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Old 22 September 2009, 13:26   #21
Country: UK - England
Town: Hamble
Length: 9m +
Join Date: Dec 2002
Posts: 2,317
Originally Posted by Lewy View Post
so whats the best and simplest solution??
Go boating on your own, it works for me!

It is better to remain silent and be thought a fool, than to speak and remove all doubt!
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Old 22 September 2009, 14:31   #22
Country: UK - England
Town: Shepperton
Boat name: Shamu
Make: BananaShark
Length: 7m +
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Posts: 148
Originally Posted by Dirk Diggler View Post
Go boating on your own, it works for me!
got it

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Old 23 September 2009, 09:13   #23
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Country: UK - Scotland
Boat name: imposter
Make: FunYak
Length: 3m +
Engine: 2 stroke YAM 20 HP
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I can see that in some circumstances the device you are advocating has some advantages. I would see it as particulalrly useful for larger powerboat cruisers where killcords are rarely worn (I doubt you will find many people on here claiming to intentionally not wearing kill cords other than to attend to tasks away from the helm - although the membership here is not representative of all RIB/power boat users).

Even on a large rib it is generally easy to see if everyone is still on board, on a boat with cabin/superstructure that may not be so obvious and I can see the benefit.

If you are really that worried about loosing a crewmember overboard - it is of course possible to wire a kill cord type switch to every seat and have them all activate an alarm. That would also discourage people from wandering randomly round the boat (which increases their chances of falling overboard). For the average user - they probably need to ask if they should be out in conditions where falling out the boat is that likely or if they could achieve the same effect by better briefing of the crew?

It is of course relatively complex, and therefore percieved as being a "weak link". The advantage of a killcord as I understand it is that if it activates at say 9' stretch then by the time you have moved the 10' from the helm the prop has stopped spinning. As I understand it a radio based system is likely to still see you as "on board" until you are 30' or more from the boat. If you happend to go through the path of the engine it won't have stopped and you get minced. You (and your crew) can also visibly see that there is a cord attached to the helm.

However - anyone who thinks kill cords are 100% reliable is kidding themselves. There were crap copy cords around which snapped before pulling out the clip. I have experienced switches which have corroded so that even when pulled they don't short the engine, and I have experienced switches which left in the closed circuit position failed to open when the cord was connected. They can come off arms and even legs especially if the cord loses its stretch. You can forget to put it on (as you can with the electronic gadget). You probably need to take it off to deal with anchor/mooring lines at the bow or clear seaweed from the engine etc... Although it is quite useful that the killcord forces you to take that extra 1/2 a second and consider the increased risk of what you are doing with the engine on/in-gear etc.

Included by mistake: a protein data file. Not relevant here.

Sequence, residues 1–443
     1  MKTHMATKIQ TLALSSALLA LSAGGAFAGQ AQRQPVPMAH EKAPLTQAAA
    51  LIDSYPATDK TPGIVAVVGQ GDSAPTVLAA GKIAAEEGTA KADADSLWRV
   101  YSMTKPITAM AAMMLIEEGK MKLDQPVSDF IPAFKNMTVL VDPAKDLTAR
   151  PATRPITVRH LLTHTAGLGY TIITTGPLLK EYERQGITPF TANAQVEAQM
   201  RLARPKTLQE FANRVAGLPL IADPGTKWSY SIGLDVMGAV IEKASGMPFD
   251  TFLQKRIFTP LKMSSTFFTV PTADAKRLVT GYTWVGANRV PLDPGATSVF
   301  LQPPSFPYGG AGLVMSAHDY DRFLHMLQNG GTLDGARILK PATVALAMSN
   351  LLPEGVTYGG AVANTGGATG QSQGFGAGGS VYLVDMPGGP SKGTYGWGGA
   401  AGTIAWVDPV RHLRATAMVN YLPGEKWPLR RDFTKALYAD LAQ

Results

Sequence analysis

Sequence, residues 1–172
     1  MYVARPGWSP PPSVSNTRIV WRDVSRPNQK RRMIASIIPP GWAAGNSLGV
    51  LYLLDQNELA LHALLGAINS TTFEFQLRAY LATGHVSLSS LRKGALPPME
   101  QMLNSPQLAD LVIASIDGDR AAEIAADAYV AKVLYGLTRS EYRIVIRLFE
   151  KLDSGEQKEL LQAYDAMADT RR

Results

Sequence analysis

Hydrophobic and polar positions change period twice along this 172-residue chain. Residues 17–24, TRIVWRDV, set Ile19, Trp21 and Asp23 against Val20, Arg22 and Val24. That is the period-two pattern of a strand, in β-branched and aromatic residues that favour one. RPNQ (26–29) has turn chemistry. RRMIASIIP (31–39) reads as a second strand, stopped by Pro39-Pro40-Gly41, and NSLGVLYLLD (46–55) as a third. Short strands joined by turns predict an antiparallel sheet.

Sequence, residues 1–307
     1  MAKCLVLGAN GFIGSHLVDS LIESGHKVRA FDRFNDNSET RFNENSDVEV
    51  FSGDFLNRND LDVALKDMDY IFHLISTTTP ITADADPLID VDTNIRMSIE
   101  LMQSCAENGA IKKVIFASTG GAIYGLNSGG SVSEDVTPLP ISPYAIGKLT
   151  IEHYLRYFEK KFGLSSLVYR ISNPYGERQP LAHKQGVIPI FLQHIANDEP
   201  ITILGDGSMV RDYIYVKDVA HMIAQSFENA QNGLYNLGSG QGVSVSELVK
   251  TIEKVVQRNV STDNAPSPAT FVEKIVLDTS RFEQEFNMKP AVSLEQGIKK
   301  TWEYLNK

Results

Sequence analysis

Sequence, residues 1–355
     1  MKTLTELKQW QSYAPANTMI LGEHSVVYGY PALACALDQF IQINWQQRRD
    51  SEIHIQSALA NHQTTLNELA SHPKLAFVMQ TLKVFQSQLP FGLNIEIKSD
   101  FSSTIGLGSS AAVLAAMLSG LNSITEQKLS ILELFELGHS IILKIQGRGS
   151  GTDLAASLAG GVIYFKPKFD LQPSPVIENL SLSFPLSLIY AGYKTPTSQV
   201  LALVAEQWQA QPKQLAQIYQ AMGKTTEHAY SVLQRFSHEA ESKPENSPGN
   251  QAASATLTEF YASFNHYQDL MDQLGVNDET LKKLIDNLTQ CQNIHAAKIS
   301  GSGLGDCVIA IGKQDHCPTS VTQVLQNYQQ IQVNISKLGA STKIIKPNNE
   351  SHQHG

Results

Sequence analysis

I can't recall hearing of any RIB loosing a crew member overboard UNEXPECTEDLY (i.e. when not doing something stupid or of known higher risk) - where it would be unreasonable to expect a kill cord to be worn! I certainly can't recall hearing of any RIB loosing a crew member overboard where the other crew/skipper were unaware of this happening.
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Old 24 September 2009, 04:19   #24
Country: Ireland
Town: Cork
Boat name: Wolf
Make: Humber
Length: 8m +
Engine: DF300
Join Date: Nov 2008
Posts: 32
Killcords continued

all your points are valid and you highlight most of what the Autotether unit is designed to prevent.

The unit is not linked specifically by radio only with a known range of 30' as you point out.
It works very simply and is activated immediately on immersion in water of a certain mass.
In other words if you fall in the unit immeditely cuts the engine or activates an MOB alarm. It does this by monitoring the radio signal and if this changes for any reason as caused by the water mass surrounding the FOB for instance it activates. If you move outside its range it also activates and so comes in handy for children around water and keeping an eye on them. It activates within 1ms.

The unit will not activate by simply getting wet, say on a very poor day, sea spray etc when out in rough conditions.

Interestingly, last year doing the Round Britain we had to have all crew on killcords with first man out kills the boat approach. Cables every where and lots of false alarms with people forgetting they were attached. The Autotether would be a simpler more cost effective solution in this case.

I have used the unit all year and having got into the habit of using it, now, I simply get on board, activate the unit and start the engines.



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